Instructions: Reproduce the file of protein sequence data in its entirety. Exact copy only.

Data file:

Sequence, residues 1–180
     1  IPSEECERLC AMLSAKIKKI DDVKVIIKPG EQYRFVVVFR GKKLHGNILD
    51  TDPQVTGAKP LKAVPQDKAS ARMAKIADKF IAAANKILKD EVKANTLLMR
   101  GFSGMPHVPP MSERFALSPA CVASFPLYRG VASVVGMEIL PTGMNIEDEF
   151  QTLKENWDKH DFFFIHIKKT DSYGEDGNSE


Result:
Sequence, residues 1–180
     1  IPSEECERLC AMLSAKIKKI DDVKVIIKPG EQYRFVVVFR GKKLHGNILD
    51  TDPQVTGAKP LKAVPQDKAS ARMAKIADKF IAAANKILKD EVKANTLLMR
   101  GFSGMPHVPP MSERFALSPA CVASFPLYRG VASVVGMEIL PTGMNIEDEF
   151  QTLKENWDKH DFFFIHIKKT DSYGEDGNSE